A Minnetonka attorney who represented a man shot to death five weeks ago is now the alleged killer's lawyer, a role that local legal experts say resides in an ethically complicated "gray zone."

The case involves the death of Guled Hashi Mohamed, 26, who was shot in the head May 29 outside a Minneapolis bar. Biyamin Beiti Omar, 28, was indicted for first-degree murder in connection with his death. Authorities say bad blood between the two men triggered the shooting.

Two years ago, attorney Justin Seurer was retained to represent Mohamed against second-degree assault charges for allegedly pointing a gun at three people and threatening to shoot them outside Karma nightclub in downtown Minneapolis. Mohamed pleaded guilty a year later to felony terroristic threats and received three years' probation.

Seurer confirmed last month that he was retained by Omar's family to take on the case but declined to discuss his representation or whether a potential conflict of interest exists. He did not return a telephone message left Friday.

Mohamed's sister, Amina, declined to comment on behalf of the family, citing pending court proceedings. The family's attorney, William Seeley, did not respond to a telephone message.

According to the American Bar Association's Rules of Professional Conduct, a lawyer who once represented a client cannot represent another person in the same or "substantially related matter" that could affect the interests of the former client without getting permission in writing.

Omar apparently was not involved in the bar assault. The assault and the killing aren't related, so there doesn't appear to be a violation, said Martin Cole, director of the state Office of Lawyers Professional Responsibility. But difficulty could arise if Seurer had information about Mohamed. Under the rules, he wouldn't be able to use it to benefit Omar's defense.

"You can be walking a fine line," Cole said. "Can there be issues arising? The answer is yes. But are there? I'm not in a position to say that."

Bound by ethics, constitution

Joseph Daly, a professor at Hamline University School of Law, said that while attorneys are bound by ethics, they're also bound to uphold the U.S. Constitution. The Sixth Amendment requires that people charged with a crime have a right to counsel of their choice. If the only roadblock were the possibility of upsetting Mohamed's family, Daly said, he'd take Omar's case.

"As lawyers, we work constantly in the gray zone, and there's often no clear-cut answer to the dilemmas that are put on our plate," he said. "We have to, in good faith, apply the rules and apply the Constitution and come up with our best judgment."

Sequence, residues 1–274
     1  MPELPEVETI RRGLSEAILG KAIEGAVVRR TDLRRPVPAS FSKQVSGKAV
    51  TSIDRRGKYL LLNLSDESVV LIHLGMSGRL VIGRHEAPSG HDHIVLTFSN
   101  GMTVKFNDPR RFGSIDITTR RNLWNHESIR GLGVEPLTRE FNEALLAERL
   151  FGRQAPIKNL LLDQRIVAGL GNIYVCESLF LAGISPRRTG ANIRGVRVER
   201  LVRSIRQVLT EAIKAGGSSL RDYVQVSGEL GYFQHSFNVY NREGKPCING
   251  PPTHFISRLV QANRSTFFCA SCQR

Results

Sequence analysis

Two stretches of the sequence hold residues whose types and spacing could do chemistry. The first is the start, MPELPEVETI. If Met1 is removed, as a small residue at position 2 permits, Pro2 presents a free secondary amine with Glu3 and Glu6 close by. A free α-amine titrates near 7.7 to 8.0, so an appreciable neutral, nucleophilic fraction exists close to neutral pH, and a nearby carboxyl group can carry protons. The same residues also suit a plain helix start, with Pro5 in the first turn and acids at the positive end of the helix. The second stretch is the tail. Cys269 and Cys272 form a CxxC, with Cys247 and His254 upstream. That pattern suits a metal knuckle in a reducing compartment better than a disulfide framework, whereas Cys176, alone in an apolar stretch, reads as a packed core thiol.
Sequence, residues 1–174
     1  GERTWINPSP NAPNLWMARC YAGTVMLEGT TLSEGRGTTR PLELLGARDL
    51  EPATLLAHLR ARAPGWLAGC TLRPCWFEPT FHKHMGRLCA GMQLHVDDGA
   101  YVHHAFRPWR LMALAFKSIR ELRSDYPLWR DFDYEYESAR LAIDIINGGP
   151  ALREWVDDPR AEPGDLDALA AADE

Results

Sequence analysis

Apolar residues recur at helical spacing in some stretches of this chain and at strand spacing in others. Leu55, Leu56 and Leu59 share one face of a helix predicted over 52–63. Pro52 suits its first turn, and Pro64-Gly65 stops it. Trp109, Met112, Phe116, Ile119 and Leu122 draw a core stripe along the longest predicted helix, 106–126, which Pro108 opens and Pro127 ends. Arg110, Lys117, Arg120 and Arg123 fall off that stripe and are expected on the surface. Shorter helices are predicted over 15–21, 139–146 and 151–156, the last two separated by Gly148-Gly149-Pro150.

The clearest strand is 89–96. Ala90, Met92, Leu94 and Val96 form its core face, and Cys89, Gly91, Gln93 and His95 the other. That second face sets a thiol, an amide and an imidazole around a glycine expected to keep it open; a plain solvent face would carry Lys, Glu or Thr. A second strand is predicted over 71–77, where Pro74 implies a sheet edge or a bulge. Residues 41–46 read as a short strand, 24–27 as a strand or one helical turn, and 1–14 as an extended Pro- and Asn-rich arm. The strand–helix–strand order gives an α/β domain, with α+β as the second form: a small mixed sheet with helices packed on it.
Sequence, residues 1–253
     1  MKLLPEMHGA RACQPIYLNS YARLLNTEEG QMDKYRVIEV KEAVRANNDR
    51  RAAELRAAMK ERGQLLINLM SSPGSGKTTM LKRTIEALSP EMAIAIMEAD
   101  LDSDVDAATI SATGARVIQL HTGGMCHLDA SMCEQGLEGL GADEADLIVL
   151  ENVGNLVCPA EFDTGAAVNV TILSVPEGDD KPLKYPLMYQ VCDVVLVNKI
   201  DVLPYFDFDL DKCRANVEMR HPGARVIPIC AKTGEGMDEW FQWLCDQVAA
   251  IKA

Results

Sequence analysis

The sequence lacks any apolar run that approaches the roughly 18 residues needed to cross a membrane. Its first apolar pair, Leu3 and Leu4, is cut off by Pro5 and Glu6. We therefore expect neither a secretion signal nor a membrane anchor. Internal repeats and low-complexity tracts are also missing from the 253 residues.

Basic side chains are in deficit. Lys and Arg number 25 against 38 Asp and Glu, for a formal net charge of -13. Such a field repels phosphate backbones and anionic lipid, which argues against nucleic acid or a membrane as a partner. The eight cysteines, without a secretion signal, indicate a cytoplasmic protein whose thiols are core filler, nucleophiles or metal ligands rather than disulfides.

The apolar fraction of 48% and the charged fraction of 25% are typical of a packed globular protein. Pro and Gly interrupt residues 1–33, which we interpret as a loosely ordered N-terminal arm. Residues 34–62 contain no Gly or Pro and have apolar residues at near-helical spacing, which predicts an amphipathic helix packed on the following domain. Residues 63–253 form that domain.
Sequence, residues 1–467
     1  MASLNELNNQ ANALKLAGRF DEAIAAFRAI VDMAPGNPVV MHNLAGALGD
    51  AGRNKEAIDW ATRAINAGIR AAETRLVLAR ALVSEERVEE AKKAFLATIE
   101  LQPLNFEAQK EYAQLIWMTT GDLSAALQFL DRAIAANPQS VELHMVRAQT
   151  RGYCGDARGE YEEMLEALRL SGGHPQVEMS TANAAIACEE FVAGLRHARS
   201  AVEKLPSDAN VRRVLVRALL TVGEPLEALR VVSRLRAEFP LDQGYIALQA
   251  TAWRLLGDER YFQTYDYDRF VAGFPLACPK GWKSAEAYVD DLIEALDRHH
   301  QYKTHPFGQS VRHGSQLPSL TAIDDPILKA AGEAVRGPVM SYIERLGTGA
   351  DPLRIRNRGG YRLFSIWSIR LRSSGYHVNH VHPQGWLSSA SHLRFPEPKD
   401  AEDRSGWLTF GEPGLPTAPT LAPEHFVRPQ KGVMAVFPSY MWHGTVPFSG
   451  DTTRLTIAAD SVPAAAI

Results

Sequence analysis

It's possible that Seurer understands the inner workings of the Somali community, Daly said, and his expertise led him to defend both men. The website for Seurer Law Firm says he is well-versed in multiple aspects of the law, including criminal defense.

Minneapolis criminal defense attorney Peter Wold said that although the cases aren't related, an opportunity exists to learn confidential information from Mohamed's case that could be relevant to Omar's case. However, he said, attorney-client privilege is "sacrosanct."

"That's touchy," Wold said. "I think I can understand why [Mohamed's] family would be upset. The scenario is their son had faith in this lawyer to protect his interests and confidences that he's duty-bound to protect."

Wold said he'd be reluctant to take the case without approval from Mohamed's family. "I would imagine they'd say 'How can you do it?'" he said.

Robert Sicoli, another veteran criminal defense attorney in Minneapolis, said he believes Seurer is acting within the rules by representing Omar. But he called the case "too touchy in my own personal ethics'' and wouldn't take it.

Robert Vischer, a professor and legal ethics expert at the University of St. Thomas Law School, said that although the cases aren't related, Seurer could be in a difficult ethical situation with what he may have learned while representing Mohamed, regardless if he chooses to use it.

"He can't violate the confidences of the first client, but he can't violate his duty of loyalty to the current client," Vischer said. "The duty of loyalty he has is to uncover and pursue every legitimate defense he has."

Omar remains in the Hennepin County Jail in lieu of $2 million bail. His next court appearance is July 15.

Abby Simons • 612-673-4921